Post-emergence herbicides have to be used with much more caution than pre-emergence applications, only a few of them that can be safely sprayed over the top of cotton. Most post-emergent herbicides are applied as a directed spray, covering the inter-row space but not reaching the cotton rows or plants. Use fan jet nozzles with protective shields. The following are examples that are commonly used.
Soil analysis is a way of assessing the fertilizer requirements for the crop. This however depends on adequate soil sampling, since only a very small quantity of soil is analysed. A minimum of 20 samples should be taken randomly at two depths from the field.e.g.
Place the samples in bags and label, recording:
The samples can be taken to the Government Analytical Laboratory at Culloden Road, where analysis will be done.
The Eastern Caribbean Fertilizer Company in St. John also offers a soil testing service.
The following fertilizer recommendation is given as a general guide, there are going to be different soil types, and rain fall regimes across the island. The farmer will need to modify these accordingly.
Triple super phosphate at a rate of 100kg /acre should be applied before planting, and incorporated below the planting depth.
Immediately after thinning band 100kg /acre of 24:0:18 or Sulphate of Ammonia
At first flowering (about 9-11wks after sowing) apply 100kg /acre of Muriate of Potash.
Thereafter, depending on the level of rainfall i.e. (Heavy and consistent) and the condition of the plants split applications of 50kg of 24:0:18. Plants that show a pale yellow colour is usually an indication of a lack of nitrogen.
Muriate of Potash can be used to boost the level of flowering once the plant has gone into the reproductive stage.
Cotton usually responds well to foliar fertilizers. One should choose a foliar fertilizer that contains Sulphur(S), Zinc (Zn),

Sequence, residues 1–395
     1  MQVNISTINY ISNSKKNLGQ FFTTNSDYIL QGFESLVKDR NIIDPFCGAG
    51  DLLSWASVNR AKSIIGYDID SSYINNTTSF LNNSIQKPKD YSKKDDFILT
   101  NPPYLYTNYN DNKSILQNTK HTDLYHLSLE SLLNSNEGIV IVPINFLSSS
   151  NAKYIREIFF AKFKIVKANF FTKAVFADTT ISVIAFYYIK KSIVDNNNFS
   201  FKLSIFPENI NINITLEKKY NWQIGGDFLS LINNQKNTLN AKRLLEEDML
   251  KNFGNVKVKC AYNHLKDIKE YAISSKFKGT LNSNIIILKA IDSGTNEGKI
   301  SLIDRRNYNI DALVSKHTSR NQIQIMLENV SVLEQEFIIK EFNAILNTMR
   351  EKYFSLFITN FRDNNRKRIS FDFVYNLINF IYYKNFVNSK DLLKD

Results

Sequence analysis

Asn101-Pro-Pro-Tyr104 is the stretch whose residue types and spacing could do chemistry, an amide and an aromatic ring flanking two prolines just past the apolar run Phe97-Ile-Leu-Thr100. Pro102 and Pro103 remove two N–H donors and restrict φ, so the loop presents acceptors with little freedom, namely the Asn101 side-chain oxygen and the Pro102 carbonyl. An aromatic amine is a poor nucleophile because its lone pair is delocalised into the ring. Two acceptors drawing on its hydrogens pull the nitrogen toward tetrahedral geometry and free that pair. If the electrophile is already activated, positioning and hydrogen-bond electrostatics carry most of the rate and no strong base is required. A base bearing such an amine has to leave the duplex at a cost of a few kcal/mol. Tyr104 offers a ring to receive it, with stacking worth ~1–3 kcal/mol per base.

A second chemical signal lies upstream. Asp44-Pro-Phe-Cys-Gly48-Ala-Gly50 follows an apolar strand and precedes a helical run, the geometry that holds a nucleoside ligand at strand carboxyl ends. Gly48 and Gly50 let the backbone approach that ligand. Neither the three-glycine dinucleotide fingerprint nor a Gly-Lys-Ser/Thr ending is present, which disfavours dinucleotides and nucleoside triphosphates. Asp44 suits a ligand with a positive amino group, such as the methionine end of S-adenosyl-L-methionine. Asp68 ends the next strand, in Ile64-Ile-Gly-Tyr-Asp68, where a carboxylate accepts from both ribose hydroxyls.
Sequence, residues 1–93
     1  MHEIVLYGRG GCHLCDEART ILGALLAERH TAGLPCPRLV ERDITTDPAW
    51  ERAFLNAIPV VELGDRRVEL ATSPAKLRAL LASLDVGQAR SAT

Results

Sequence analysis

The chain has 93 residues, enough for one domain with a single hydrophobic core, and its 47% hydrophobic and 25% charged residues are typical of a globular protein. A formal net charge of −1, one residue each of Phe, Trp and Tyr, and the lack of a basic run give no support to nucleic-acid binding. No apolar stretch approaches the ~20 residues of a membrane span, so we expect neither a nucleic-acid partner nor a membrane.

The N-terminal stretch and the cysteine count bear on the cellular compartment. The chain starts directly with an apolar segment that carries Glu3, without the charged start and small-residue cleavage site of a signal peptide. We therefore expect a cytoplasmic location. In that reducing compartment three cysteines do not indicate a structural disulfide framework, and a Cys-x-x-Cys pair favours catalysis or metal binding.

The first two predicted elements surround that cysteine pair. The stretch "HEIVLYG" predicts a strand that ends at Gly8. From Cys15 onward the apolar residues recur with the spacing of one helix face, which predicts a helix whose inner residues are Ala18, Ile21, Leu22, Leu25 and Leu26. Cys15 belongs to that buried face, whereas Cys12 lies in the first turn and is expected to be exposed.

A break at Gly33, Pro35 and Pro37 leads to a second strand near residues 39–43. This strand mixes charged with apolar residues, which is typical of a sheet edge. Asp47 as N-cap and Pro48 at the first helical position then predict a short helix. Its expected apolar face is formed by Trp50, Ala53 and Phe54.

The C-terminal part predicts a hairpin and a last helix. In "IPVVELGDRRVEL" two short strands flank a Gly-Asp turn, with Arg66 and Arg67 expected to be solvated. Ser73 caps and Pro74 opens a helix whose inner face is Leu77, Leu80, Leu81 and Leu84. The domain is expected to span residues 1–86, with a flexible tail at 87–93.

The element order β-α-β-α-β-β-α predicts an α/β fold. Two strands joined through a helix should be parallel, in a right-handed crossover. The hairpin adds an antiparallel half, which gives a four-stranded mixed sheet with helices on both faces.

Magnesium (Mg) and Boron (B). These can be applied during the development stages of the crop.
Insect Pest Control
Cotton in Barbados is attacked by a wide range of insects, most of which can cause serious damage. Almost every stage of development of the plant is prone to attack. The Pink Bollworm is the most devastating pest.
Cotton pest control requires a comprehensive integrated approach in which insecticides are used but they should complement the controlling effect of beneficial insects like the predatory lacewing bugs, ladybird beetles, and various species of parasitic wasps.
An integrated pest control programme for cotton would include:
Cotton grown in rotation with sugarcane has tremendous benefits for the cotton farmer. These include a reduction in the build up of cotton pests, maintaining soil fertility in the field, and a reduction in weeds common to cotton fields.
Cotton should not be planted in close proximity to corn, pigeon pea and okra. Corn harbours Heliothis zea, pigeon pea harbours the pod borer (Heliothis virescens) and okra harbours the Pink Bollworm. All three of these insects are important pests of cotton.
Pest Scouting is the careful examination of selected plants within a cotton field. The entire plant should be examined i.e. the top and bottom surfaces of leaves, the squares, flowers and bolls. You are essentially looking for pest at any stage of their life cycle (eggs, larvae, pupae or adults). You need to determine whether the pests you find are beneficial to the crop or harmful. This will then determine your plan of action. Checking 25-50 plants well spread out along the diagonal of the field will give you a good indication of what is happening throughout the entire field. These scouting exercises should be dated and recorded on appropriate forms. Scouting should be done at least twice a week once the cotton has started squaring. Any unusual occurrence should also be noted e.g. numerous fallen squares and lots of flared squares.
The information obtained from these scouting exercises determines if pest control is necessary at a particular stage, and what form it should take.
Strict Observance of the Cotton Close Season
See sections after harvesting
Controlling Cotton Pests